The Springfield Republican has an article about my new book, Grace at the Garbage Dump: Making Sense of Mission in the Twenty-First Century.
Zink worked in a community called Itipini—the means “at the dump”–a shantytown community built on the site of a garbage dump. “It was built there so people could scavenge off the refuse and live in shacks they built themselves out of whatever is available,” he said. “As you can imagine, the socio-economic indicators here at not great—a high incidence of HIV/AIDS, for instance, high unemployment, high rates of poverty. So it is one of the poorest communities in one of the poorest parts of South Africa.”
At first, the experience was overwhelming to him because of the different culture, different language, different people. “I had shown up with such enthusiasm to ‘save the world’ and quickly realized I wasn’t much help at all,” he said. “It was a frustrating, difficult, challenging and completely humbling experience. Here were people in such great need, people I wanted so desperately to be of some use to, and I could barely say hello to them or ask them their name.”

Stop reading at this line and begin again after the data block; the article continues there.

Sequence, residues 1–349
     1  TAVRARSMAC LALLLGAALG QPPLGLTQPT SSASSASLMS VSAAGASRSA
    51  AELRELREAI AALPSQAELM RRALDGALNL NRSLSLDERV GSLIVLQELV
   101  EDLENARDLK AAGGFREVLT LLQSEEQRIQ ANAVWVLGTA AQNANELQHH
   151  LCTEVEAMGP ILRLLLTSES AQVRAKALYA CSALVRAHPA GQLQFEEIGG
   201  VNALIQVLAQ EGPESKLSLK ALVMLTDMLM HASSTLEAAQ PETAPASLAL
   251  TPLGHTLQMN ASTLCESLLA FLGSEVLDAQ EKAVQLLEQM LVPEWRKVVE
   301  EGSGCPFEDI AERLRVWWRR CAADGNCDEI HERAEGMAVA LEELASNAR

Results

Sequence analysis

Over time—and this was the advantage of staying two years—he learned their language, Xhosa. He learned how he could fit in and be of use to people, and he learned that the experience wasn’t so much about what he could do for others but about what they could learn from one another and how they could change in light of their meeting.
“I don’t think I’m alone in having my desire to see change in the world,” said Zink, 29. “I think people of my generation are eager to serve others.”
Read the whole article, read the first two chapters of the book for free online, and then tell your friends and order a copy of the book for yourself—from your favourite book retailer or (for the cheapest price) directly from the publisher.